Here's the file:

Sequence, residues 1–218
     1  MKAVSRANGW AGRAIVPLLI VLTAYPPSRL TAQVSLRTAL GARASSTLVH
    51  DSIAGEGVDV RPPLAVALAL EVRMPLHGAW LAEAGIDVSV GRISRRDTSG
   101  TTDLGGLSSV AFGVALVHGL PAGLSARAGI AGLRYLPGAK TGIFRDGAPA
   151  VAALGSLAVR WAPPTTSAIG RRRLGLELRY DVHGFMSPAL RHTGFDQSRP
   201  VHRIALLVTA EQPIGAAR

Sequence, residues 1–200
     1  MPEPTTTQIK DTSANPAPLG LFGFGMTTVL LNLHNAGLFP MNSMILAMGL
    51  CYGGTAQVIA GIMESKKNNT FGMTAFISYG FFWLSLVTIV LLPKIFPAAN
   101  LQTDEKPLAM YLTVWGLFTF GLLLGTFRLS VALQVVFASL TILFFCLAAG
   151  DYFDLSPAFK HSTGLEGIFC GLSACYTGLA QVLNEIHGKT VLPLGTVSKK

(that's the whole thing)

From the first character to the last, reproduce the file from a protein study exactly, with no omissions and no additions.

Sequence, residues 1–218
     1  MKAVSRANGW AGRAIVPLLI VLTAYPPSRL TAQVSLRTAL GARASSTLVH
    51  DSIAGEGVDV RPPLAVALAL EVRMPLHGAW LAEAGIDVSV GRISRRDTSG
   101  TTDLGGLSSV AFGVALVHGL PAGLSARAGI AGLRYLPGAK TGIFRDGAPA
   151  VAALGSLAVR WAPPTTSAIG RRRLGLELRY DVHGFMSPAL RHTGFDQSRP
   201  VHRIALLVTA EQPIGAAR

Sequence, residues 1–200
     1  MPEPTTTQIK DTSANPAPLG LFGFGMTTVL LNLHNAGLFP MNSMILAMGL
    51  CYGGTAQVIA GIMESKKNNT FGMTAFISYG FFWLSLVTIV LLPKIFPAAN
   101  LQTDEKPLAM YLTVWGLFTF GLLLGTFRLS VALQVVFASL TILFFCLAAG
   151  DYFDLSPAFK HSTGLEGIFC GLSACYTGLA QVLNEIHGKT VLPLGTVSKK